President Robert Mugabe returned home on Thursday, looking fit, after a trip to Singapore that had ignited speculation the veteran Zimbabwean leader was seriously ill.
The 88-year-old President, who has ruled the southern African country for more than three decades, landed at Harare's main airport in a white chartered plane accompanied by his wife Grace.
A Reuters reporter saw Mugabe joking and laughing with Vice President Joice Mujuru, often touted as his possible successor.
Webster Shamu, the information and publicity minister, blamed western media for spreading false reports about Mugabe's health.
"As you can see, he is fit as a fiddle. Why do we spread rumours? It's all lies told by a press driving an imperialist agenda," he said to a group of reporters at the airport.
Media had speculated that Mugabe had gone to seek vital medical attention in Singapore, where he travelled eight times last year for medical check-ups.
Mugabe did not speak to waiting reporters but is expected to chair a weekly cabinet meeting later on Thursday. The cabinet meeting venue is closed to the media.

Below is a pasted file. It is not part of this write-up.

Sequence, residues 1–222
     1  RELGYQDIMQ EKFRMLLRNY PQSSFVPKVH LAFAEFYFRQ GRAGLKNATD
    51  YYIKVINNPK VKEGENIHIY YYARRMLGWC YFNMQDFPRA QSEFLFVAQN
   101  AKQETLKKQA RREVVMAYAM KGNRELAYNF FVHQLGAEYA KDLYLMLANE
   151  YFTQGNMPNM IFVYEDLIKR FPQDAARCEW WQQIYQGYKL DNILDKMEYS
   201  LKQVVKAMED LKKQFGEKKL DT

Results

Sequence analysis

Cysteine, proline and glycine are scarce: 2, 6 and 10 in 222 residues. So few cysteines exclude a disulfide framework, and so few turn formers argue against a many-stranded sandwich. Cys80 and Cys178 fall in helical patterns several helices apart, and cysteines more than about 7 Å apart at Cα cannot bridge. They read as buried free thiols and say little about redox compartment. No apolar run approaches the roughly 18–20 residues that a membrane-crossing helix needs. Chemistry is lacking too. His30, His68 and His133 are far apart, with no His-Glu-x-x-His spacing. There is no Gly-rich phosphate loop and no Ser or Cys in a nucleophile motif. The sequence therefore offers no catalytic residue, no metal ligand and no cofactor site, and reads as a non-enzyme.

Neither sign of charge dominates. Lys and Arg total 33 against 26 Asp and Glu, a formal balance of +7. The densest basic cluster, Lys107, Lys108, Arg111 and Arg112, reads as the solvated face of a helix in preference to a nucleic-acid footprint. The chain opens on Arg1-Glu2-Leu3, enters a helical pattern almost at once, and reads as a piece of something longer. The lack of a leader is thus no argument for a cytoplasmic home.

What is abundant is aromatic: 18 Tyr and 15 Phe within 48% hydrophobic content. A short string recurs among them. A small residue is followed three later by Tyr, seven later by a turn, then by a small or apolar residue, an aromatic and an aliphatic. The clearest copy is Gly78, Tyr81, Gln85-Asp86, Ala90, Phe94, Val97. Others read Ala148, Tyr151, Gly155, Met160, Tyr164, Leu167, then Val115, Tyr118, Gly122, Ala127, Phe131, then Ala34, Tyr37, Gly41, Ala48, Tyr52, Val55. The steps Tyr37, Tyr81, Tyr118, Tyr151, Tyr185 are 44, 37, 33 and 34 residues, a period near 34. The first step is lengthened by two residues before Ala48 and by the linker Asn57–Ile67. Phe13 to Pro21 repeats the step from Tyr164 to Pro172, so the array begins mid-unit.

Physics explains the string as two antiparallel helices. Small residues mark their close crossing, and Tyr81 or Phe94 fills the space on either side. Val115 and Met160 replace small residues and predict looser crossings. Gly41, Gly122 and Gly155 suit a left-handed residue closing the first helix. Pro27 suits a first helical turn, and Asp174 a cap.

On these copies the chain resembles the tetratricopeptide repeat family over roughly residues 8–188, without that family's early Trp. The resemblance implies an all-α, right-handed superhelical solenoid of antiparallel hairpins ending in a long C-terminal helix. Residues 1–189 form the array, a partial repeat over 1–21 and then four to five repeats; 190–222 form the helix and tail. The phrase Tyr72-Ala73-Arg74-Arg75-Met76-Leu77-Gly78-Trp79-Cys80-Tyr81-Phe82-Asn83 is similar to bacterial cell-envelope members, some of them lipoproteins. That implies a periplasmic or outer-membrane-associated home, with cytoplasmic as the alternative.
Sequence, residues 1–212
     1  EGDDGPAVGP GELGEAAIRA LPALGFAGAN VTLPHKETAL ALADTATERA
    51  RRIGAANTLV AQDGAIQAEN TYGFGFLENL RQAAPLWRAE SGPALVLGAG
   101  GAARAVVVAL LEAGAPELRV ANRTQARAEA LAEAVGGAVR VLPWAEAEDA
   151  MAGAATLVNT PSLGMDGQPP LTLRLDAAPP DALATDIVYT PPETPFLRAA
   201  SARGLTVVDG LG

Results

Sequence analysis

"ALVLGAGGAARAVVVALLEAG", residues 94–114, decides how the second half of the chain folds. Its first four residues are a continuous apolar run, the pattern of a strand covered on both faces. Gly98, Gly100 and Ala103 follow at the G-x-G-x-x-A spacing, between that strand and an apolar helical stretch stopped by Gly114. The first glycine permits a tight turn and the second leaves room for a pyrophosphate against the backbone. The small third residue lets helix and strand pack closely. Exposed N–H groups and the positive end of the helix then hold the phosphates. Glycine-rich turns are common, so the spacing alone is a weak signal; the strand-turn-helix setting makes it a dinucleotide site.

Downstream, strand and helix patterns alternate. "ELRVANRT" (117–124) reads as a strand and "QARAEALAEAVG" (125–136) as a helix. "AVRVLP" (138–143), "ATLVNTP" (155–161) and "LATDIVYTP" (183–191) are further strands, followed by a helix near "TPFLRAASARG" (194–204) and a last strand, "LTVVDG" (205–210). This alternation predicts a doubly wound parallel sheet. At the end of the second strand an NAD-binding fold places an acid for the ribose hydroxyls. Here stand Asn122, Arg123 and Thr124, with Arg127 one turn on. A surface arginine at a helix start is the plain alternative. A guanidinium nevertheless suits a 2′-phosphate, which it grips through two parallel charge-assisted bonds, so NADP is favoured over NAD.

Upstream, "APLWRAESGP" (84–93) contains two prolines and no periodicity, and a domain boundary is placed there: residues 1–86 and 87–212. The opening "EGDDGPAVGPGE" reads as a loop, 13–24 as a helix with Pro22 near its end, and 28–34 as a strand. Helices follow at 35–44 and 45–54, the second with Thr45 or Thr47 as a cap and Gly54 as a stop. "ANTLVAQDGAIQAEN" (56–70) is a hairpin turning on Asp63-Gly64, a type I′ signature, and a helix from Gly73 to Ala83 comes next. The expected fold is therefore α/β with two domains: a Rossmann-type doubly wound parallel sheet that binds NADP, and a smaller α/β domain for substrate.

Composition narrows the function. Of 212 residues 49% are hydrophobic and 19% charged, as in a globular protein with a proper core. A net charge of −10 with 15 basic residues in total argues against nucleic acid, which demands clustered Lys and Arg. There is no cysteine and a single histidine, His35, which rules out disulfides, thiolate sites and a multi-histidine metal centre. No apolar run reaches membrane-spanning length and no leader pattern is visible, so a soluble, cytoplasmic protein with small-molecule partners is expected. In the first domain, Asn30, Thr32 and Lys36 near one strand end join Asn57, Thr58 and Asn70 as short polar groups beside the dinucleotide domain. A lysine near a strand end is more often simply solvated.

Mugabe shares power with political rival Prime Minister Morgan Tsvangirai in a fragile coalition formed three years ago.
The former guerrilla leader has been the subject of several health scares in recent years, with some reports saying he has prostate cancer, but in February interviews with state media he laughed off suggestions that he was seriously ill.
Mugabe and close aides have kept his health a closely guarded secret.
Some members of his ZANU-PF party are afraid that, should Mugabe die in office without settling a bitter succession battle, the party could erupt in internal conflict and destabilise the country.
Although ZANU-PF officials rally behind Mugabe in public, in private many want him to retire and pass the baton to a younger person as they fear his advanced age may cost the party victory in an upcoming election.
But while some ZANU-PF members see Mugabe as a political liability, they recognise him as the only person able to control the highly partisan Zimbabwean army led by veterans of the 1970s independence war.
Many are also unsure whether his potential successors can defeat ZANU-PF's most formidable opponent, Tsvangirai, in a free election. Elections must be held by next year under the terms of their power-sharing deal.